(Thur 2:00-2:20 PM OH 229)
Islam and Christian Spheres: Interaction and Exchange of Religious Orders
As a Western society, we have the tendency to reflect and study our own struggles, victories, changes, and innovations--leaving our academic realms of Western and Eastern cultures polarized and the lenses of history biased. Nonetheless, architecture of the Medieval Ages presents actual evidence and traces of cross-interaction between the two spheres of Europe. The Crusades are frequently highlighted as a point of overlap as well as conflict between Islam and Christianity. Thus there is a habit to categorize history, meaning the timelines and their respective cultures are divided into their own “realms” of time. As a result, they seemingly cannot touch or interact except in forms of violence. This is simply not true, for in the case of Islam and Christianity the cultures were interacting and exchanging ideas. Despite their immediate differences, both Christianity and Islam stem from classical roots in architecture, and often utilize trends from each other. Their architecture provides visual dialog and societal markers of wealth and community. Available on hand are various documentations debating and commenting on these discords between Christianity and Islam. This study will also utilize documents written by the chroniclers from the time period, such as the Chronicles of Fredgar. Furthermore, the architecture speaks to shared purposes and techniques; for example, the Islamic Dome of the Rock and Christian Church of the Holy Sepulchre are siblings in the Holy Land of Jerusalem. In previous studies Islam and Christianity have been analyzed together, yet from different perspectives and predispositions. This paper actively demonstrates the interchanging relation and gives equal status to Islam and Christianity.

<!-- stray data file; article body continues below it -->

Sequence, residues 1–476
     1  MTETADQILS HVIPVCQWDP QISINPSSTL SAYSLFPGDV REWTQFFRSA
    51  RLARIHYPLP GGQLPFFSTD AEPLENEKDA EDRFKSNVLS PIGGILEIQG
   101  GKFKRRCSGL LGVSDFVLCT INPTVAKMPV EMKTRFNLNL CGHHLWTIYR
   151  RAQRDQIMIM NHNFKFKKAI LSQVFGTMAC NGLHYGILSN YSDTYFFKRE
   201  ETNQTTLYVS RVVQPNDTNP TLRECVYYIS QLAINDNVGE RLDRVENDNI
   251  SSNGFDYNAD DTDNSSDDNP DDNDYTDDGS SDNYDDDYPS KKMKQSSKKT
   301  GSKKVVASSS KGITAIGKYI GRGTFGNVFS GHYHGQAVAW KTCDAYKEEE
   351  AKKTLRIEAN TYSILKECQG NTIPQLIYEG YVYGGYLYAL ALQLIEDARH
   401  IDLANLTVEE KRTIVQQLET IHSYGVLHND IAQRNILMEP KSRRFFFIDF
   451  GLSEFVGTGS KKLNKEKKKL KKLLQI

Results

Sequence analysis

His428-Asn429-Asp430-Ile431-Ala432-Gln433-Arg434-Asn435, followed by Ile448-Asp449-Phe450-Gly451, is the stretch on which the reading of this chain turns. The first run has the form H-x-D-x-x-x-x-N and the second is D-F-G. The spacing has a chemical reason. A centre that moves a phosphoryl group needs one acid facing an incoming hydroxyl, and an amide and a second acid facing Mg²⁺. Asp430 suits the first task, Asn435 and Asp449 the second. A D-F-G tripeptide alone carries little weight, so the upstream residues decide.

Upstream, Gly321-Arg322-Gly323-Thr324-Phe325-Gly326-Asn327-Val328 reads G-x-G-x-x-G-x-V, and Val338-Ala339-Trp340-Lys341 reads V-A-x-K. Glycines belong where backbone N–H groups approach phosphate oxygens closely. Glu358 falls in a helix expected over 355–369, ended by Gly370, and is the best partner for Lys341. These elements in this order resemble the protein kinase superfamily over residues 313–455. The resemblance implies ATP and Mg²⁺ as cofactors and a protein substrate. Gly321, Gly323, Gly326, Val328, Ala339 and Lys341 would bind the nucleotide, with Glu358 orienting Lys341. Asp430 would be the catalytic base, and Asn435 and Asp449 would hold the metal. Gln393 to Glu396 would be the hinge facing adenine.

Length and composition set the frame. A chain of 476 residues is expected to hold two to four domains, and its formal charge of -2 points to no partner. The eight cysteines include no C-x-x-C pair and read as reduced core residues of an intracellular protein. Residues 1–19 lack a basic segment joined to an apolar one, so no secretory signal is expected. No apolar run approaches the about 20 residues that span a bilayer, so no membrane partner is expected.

(Sat 10:40-11:00 OH 229)